Cindy Rasmussen

Cindy was born into a family as the oldest of six children. She grew up in Colorado in the 1940's and 1950's. She moved to California in the early 1960's where she earned a BA Degree in Sociology from the University of California at Berkeley.

Shortly thereafter she began her first professional employment as a Social Caseworker for the San Diego County Department of Public Welfare. She worked two years in the Aid to Families with Dependent Children Unit, and two years in the Adoptions Division.

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"A frank and engaging read that explores autism and its long-ranging effects on a family."

Kirkus Reviews


AWARDS, PRESS & INTERESTS

Mother with autistic son writes inspiring new book, 2017

A Mother’s Amazing Quest to Help Her Child with Autism, 2017

The Seattle 7 Writers

Hometown Poulsbo, WA

Favorite author Ann Rule

Favorite book Red Notice

Day job Business Owner

Passion in life Helping / Volunteering


BOOKS REVIEWED BY KIRKUS:

BIOGRAPHY & MEMOIR
Pub Date:
ISBN: 978-1-942661-42-9

A debut memoir chronicles one family’s experiences with an autistic child.

The author makes her goals clear at the outset. Rasmussen wants to help her sons understand how their childhoods may have been shaped by their brother Steven’s autism. She aims to provide comfort to parents of autistic children, assuring them that they are not alone. The author also promotes an overall understanding and acceptance surrounding autism. The book moves chronologically through Steven’s early, middle, and adult years. His early tantrums and other challenging and often dangerous behaviors, such as scaling high fences, made for a sometimes-excruciating experience that tried his parents’ marriage and took attention away from his older brother. His diagnosis of autism at age 3 led to a treatment center that fostered some improvements and allowed for a saner family life, but the author describes ongoing obstacles that required tremendous vigilance and persistence as Steven grew. These included periodic disappearances—Steven would depart to seek swimming pools or elevators, two fascinations that continued in his adulthood. Transitions from routine, whether big or small, could wreak havoc on his ability to function. Teenage years brought sexual urges, but Steven was unable to manage them appropriately without repeated instruction. As an adult, he has lived in several group homes and held many jobs—the system is such that frequent adjustments have been required. The organization and tone of this highly personal book facilitate insight into what autism is like, its deep effect on families, and the countless practical hurdles that must be addressed when advocating for the affected child (and later, the adult with this condition). While the never-ending challenges are discussed candidly, Rasmussen nevertheless succeeds in providing practical observations and transmitting a genuine message of hope. She deftly describes the joy of Steven’s hard-won successes and the evolution of many positive qualities within her circle. The book’s family photographs and a section in which Steven’s father and brothers contribute their perspectives add an intimate feel to the memoir.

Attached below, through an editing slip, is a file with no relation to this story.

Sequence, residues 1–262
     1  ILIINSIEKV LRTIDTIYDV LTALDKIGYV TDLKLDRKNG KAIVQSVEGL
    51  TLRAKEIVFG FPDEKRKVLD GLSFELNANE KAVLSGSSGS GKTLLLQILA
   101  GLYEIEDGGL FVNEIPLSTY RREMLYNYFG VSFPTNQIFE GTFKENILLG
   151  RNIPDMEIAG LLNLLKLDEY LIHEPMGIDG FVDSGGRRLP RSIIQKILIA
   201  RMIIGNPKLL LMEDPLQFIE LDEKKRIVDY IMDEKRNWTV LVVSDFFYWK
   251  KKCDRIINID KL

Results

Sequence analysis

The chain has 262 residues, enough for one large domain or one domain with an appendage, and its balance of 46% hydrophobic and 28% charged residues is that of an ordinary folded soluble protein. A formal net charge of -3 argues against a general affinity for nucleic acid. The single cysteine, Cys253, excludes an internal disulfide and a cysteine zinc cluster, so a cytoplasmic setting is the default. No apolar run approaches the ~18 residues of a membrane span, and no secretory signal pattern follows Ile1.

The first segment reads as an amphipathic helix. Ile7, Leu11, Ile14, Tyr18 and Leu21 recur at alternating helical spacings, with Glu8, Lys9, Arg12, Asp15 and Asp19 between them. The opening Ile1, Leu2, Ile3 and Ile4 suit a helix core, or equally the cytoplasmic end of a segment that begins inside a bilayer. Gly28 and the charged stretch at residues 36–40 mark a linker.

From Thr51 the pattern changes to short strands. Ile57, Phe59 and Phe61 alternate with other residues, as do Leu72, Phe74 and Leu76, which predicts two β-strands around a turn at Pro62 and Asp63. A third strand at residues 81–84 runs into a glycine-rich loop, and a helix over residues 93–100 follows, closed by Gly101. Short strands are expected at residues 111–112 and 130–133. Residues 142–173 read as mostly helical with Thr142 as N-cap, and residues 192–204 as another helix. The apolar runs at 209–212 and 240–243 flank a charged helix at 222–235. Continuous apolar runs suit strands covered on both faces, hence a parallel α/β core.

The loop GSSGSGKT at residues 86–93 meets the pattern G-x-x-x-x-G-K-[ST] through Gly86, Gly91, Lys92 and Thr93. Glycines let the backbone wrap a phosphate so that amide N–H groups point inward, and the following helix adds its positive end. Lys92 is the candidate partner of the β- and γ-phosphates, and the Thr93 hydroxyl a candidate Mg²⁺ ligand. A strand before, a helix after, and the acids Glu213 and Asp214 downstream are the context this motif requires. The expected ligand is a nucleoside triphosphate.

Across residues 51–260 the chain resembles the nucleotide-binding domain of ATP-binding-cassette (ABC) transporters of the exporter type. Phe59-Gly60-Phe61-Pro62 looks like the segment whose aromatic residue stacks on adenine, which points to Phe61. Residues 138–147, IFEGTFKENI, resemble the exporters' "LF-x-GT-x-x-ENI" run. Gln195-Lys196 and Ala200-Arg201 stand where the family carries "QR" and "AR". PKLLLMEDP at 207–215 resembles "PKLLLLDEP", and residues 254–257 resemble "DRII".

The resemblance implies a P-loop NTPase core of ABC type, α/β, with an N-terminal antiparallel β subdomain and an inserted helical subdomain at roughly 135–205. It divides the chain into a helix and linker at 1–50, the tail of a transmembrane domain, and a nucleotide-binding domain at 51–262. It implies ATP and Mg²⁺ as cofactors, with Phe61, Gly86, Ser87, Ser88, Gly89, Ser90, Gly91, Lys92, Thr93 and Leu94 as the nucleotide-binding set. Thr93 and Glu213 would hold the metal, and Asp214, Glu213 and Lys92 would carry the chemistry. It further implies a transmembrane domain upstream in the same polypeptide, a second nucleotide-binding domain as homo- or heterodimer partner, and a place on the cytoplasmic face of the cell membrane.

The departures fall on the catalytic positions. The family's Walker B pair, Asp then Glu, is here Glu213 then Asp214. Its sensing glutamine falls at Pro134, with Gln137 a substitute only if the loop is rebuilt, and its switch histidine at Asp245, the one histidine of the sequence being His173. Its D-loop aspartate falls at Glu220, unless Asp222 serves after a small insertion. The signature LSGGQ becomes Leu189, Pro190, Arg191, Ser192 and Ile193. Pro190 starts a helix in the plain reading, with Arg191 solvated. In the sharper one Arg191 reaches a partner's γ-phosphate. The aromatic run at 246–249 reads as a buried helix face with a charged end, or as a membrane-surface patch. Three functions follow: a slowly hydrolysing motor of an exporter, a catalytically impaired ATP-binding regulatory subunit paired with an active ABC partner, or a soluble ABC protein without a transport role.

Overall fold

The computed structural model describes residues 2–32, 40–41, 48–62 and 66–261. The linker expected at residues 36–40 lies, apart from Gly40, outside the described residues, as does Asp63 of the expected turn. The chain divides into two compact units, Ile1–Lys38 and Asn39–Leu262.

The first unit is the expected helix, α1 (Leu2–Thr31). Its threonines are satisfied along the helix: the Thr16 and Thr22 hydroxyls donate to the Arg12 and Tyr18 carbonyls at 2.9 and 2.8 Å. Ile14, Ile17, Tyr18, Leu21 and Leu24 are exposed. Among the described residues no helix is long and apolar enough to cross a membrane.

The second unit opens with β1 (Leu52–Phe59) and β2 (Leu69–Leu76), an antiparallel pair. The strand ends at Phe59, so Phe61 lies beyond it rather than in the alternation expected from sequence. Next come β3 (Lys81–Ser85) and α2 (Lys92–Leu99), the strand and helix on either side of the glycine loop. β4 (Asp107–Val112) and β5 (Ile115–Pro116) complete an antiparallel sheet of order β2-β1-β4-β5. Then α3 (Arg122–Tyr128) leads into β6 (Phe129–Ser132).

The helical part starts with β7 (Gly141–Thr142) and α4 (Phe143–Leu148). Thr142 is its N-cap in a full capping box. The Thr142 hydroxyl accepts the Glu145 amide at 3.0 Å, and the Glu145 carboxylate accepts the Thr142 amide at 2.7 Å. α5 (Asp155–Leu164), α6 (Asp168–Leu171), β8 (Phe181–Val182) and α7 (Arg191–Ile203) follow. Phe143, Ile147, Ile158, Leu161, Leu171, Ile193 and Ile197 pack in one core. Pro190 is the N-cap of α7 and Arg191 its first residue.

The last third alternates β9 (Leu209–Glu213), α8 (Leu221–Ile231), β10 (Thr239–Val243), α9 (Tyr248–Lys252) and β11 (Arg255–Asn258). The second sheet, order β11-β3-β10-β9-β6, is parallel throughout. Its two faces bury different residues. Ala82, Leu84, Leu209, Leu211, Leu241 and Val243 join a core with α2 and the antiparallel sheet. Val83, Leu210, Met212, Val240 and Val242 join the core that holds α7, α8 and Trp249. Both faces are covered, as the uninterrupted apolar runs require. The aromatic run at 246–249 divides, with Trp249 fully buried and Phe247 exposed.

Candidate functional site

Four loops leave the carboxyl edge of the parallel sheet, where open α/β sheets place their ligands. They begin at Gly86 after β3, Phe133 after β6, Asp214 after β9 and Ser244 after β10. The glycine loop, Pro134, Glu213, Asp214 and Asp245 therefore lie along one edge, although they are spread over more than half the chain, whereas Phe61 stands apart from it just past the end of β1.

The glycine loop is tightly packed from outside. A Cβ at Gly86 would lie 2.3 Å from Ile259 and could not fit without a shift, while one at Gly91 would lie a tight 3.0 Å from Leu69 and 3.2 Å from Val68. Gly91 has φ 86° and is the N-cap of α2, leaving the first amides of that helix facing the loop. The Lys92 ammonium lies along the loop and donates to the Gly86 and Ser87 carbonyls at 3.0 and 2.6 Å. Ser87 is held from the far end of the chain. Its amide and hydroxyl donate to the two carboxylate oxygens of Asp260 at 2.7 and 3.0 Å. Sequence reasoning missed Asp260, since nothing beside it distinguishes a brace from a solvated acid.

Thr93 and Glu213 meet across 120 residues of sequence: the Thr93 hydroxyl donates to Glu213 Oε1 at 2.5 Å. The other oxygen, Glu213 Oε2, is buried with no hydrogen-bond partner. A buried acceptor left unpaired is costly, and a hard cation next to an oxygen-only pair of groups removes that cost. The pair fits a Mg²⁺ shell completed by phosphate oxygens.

A frank and engaging read that explores autism and its long-ranging effects on a family.

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